How the Deutsche Bank winner fared at the BMW Championship

 Year Deutsche Bank winner BMW finish
 2013 Henrik Stenson T-33
 2012 Rory McIlroy 1
 2011 Webb Simpson 5
 2010 Charley Hoffman T-30
 2009 Steve Stricker T-53
 2008 Vijay Singh T-44
 2007 Phil Mickelson Did not play

That doesn’t bode particularly well for Chris Kirk’s chances at Cherry Hills, but the Boston champ already has two wins this PGA Tour season.

One final thought: Jim Furyk lost in the third round of the 1990 U.S. Amateur at Cherry Hills (to David Eger). Morgan Hoffmann and Cameron Tringale played for the U.S. in the 2009 Palmer Cup at Cherry Hills (won by Europe, 13-11), and Jordan Spieth and Hideki Matsuyama played in the 2012 U.S. Amateur at the course (Matsuyama didn’t make match play, Spieth lost in Round 1). With Mickelson, this is about the extent of the BMW field’s competitive history at Cherry Hills.

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Woods: New putter should help on slower greens

By Ryan LavnerJuly 17, 2018, 11:35 am

CARNOUSTIE, Scotland – Tiger Woods’ ice-cold putting showed at least a few signs of heating up earlier this month at The National, where he switched putters and ranked seventh in the field on the greens.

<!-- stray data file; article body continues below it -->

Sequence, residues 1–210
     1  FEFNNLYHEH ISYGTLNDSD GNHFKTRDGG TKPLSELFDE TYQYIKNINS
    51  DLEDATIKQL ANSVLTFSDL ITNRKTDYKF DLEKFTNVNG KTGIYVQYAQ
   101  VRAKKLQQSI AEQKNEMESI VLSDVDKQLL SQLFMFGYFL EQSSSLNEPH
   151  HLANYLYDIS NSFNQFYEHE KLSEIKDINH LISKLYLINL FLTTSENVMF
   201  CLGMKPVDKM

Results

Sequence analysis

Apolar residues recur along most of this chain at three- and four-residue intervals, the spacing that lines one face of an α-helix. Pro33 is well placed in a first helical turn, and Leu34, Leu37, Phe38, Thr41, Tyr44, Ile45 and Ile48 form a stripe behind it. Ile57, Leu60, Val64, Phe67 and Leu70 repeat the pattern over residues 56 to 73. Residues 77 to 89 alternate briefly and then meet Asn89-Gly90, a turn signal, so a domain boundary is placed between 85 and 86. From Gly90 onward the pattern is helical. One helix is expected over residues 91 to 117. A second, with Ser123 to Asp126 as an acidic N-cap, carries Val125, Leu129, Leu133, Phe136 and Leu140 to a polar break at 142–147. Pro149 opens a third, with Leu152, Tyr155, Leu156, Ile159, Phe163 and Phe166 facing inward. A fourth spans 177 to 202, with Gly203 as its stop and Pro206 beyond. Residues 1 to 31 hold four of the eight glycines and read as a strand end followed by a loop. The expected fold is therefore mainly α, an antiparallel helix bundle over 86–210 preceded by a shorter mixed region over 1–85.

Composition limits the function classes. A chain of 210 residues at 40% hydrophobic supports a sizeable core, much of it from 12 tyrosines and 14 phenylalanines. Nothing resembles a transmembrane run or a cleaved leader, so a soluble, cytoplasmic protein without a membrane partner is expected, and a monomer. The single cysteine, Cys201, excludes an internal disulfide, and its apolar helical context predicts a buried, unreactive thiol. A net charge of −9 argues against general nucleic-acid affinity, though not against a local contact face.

The mallet-style putter is still in the bag as Woods prepares for The Open, and he’s hoping the heavier model with grooves will prove valuable at Carnoustie.

Full-field tee times from the 147th Open Championship

Full coverage of the 147th Open Championship

“To be honest with you, I’ve struggled on slower greens throughout my entire career,” Woods said Tuesday. “So for me, it’s going to help on these greens, for sure.”

To combat the slower greens, Woods usually applied a strip of lead tape to his putter. But this heavier model of putter doesn’t need the extra weight, and the grooves on the putter face allow the ball to get rolling faster and hotter.

“You don’t necessarily have to do that with the grooves,” he said of the lead tape. “When I putted with the Nike putter, I didn’t have to put lead tape on the putter to get a little more weight to it. I could just leave it just the way it was. This is the same type.”  

For all of the talk about his putting woes this season, Woods still ranks 56th in strokes gained: putting. More crucial this week: He’s 102nd in approach putt performance, which quantifies how well a player lag putts.